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To such divisions as robbery-homicide, vice and...

<i> From staff and wire reports</i>

To such divisions as robbery-homicide, vice and forgery, Los Angeles City Councilman John Ferraro wants the Police Department to add a stereo detail.

An undercover stereo unit, at that.

Ferraro made a motion Tuesday to establish a task force of unmarked police cars to cite drivers who blast their bass-heavy stereo systems, also known as boom boxes.

“The operators of these vehicles who play these sound systems are displaying a callous disregard for the rights of the citizens of our city to be free of noise pollution,” Ferraro said.

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The motion will be considered by the council’s Police, Fire and Public Safety Committee before the council votes on it.

Boom-boxers are also under attack in Sacramento, where state Sen. Cecil Green (D-Norwalk), has proposed that car-radio music heard more than 10 feet outside the vehicle constitute a moving violation.

Whether the 10-foot limit would apply equally to AC/DC and Barry Manilow isn’t, however, clear.

Go see Cal. . . .

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To Lee Marvin, Jerry Buss, Pete Rose, Wade Boggs and others on the long list of palimony defendants must be added the name of Cal Worthington.

The 68-year-old Southern California auto dealer admitted in Glenn County Superior Court in central California that he alternately lived with his first wife and the woman who later became his second wife during the 1970s.

The palimony suit stems from a divorce suit by wife No. 2, former model Susan Henning, 41, who seeks half of the income and property she and Worthington acquired during seven years they spent together before their marriage.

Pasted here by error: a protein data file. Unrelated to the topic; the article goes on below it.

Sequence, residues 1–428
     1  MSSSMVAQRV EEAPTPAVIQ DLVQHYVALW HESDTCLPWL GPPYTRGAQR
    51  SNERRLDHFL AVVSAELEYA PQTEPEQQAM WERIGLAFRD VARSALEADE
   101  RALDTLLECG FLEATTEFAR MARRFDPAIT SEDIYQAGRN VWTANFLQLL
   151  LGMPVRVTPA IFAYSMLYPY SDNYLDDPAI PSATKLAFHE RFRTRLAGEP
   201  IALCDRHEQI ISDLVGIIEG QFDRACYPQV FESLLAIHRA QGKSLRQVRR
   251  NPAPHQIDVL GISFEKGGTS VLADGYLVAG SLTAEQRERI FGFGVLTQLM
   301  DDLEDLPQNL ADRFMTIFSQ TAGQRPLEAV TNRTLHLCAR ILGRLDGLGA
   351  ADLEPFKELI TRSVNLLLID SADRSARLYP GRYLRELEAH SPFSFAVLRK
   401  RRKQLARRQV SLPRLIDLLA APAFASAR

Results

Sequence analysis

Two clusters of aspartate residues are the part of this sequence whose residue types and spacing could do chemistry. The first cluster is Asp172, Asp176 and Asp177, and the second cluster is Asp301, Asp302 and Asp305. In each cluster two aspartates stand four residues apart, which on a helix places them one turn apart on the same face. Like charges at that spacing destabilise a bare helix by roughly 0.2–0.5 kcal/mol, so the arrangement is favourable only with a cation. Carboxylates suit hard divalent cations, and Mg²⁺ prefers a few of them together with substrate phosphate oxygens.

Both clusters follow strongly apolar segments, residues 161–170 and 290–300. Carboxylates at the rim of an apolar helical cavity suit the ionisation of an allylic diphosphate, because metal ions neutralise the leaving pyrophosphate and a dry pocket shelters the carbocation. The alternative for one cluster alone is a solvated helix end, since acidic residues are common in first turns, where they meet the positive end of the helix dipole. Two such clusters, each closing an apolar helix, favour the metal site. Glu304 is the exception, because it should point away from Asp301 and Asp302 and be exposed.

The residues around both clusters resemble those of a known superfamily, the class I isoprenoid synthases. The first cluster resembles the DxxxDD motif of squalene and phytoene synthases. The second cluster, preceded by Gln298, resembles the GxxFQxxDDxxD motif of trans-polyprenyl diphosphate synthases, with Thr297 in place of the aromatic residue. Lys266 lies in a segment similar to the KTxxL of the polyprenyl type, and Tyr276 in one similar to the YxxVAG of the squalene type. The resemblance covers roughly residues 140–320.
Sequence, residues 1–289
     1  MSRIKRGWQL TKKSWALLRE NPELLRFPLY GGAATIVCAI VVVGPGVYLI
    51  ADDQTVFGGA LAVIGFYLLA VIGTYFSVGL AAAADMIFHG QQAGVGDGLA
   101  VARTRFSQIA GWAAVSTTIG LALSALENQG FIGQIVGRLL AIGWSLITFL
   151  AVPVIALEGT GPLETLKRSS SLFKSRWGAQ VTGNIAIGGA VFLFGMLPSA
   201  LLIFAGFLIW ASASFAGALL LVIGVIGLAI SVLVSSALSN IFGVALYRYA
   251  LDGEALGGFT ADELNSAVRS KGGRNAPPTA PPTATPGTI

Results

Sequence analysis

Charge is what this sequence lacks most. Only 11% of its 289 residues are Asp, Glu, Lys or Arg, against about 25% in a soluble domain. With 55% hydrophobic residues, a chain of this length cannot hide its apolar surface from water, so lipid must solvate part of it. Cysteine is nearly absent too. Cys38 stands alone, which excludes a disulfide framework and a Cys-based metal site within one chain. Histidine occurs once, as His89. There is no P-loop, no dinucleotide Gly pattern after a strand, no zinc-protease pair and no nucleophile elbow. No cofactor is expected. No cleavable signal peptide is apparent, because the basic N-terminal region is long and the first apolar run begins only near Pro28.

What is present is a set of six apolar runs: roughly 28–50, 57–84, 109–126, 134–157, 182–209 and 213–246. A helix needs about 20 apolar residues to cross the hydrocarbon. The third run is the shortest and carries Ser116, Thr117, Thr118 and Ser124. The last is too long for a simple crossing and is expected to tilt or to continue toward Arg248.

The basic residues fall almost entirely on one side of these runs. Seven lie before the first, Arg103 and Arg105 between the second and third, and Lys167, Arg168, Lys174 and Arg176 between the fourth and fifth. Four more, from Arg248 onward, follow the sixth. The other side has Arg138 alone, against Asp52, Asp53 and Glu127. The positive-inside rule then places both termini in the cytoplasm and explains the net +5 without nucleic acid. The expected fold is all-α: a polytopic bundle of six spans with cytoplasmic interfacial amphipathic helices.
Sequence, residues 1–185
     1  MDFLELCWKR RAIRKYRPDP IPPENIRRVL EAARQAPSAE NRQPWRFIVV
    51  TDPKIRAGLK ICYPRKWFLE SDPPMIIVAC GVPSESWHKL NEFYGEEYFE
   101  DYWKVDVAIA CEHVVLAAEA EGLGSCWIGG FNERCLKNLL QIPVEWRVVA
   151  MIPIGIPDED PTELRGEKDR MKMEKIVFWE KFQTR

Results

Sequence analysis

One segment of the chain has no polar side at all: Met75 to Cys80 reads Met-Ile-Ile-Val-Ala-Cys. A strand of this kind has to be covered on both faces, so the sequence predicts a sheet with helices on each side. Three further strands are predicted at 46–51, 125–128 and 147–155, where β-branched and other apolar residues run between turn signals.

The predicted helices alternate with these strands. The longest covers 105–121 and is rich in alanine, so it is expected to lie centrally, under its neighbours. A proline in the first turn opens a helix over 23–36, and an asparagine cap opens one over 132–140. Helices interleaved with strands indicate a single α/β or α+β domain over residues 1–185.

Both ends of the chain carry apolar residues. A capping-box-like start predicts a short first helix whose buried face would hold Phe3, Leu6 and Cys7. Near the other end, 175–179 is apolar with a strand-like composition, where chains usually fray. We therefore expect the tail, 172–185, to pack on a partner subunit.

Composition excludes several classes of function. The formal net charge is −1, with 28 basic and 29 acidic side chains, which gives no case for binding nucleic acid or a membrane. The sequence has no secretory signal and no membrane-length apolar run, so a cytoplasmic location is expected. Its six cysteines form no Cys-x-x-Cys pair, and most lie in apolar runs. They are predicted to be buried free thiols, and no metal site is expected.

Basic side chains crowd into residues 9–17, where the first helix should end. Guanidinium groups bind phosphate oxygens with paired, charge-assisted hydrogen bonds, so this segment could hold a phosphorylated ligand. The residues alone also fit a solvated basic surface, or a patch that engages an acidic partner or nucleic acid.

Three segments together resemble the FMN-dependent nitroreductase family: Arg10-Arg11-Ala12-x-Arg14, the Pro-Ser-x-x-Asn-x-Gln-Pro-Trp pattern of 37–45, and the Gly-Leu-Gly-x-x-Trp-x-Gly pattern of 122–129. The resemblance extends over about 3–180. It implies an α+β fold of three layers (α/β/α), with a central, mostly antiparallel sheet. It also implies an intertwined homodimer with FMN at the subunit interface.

Worthington, who owns a 24,000-acre ranch about 80 miles northwest of Sacramento, is known for his commercials featuring his dog Spot, portrayed by critters ranging from a chimpanzee to an ostrich.

None of the Spots has attended the trial.

“It’s starting to get busy,” the freeway traffic reporter told KMPC disc jockey Johnny Magnus, and launched into a discussion of the numerous problems involving the usual suspects, the Santa Ana Freeway, Ventura Freeway, etc.

The time was 10:30.

In the evening.

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A 61-year-old veteran of Los Angeles City Hall returned to the City Council chambers for the first time in 18 months: a nine-foot-tall Art Deco frame that holds a bulletin board.

The structure had been removed in September, 1987, to make room for camera crews filming the visit of King Juan Carlos of Spain. City workers were putting it back into place at 7:48 a.m. on Oct. 1 of that year when the chamber started shaking, along with the rest of Southern California. It was the Whittier Narrows earthquake.

The frame, which nearly toppled over, was placed in a storage area until now.

Council members like having it around because, when fitted with a bulletin board, they can hide behind it to meet with lobbyists or make phone calls.

What a fun event the RTD held on St. Patrick’s Day, when a green-clad circus elephant, cheered on by Circus Vargas clowns and showgirls, battled an RTD bus “in a tug-of-war between machine and beast.” The beast lost.

And, no, it wasn’t the same RTD bus that failed to show for its 7:45 a.m. run between Long Beach Airport and downtown Los Angeles Tuesday because of “transmission problems.”

Talk about crucial summit meetings. Representatives of the Los Angeles Department of Transportation, the Police Department and Mayor Tom Bradley’s office will be gathering this morning in Beverly Hills, along with officials of the Academy of Motion Picture Arts and Sciences.

The subject: The city’s master plan for Academy Awards traffic.

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No doubt the plan, like the Academy Awards ballots, will be guarded by the accounting firm of Price Waterhouse.


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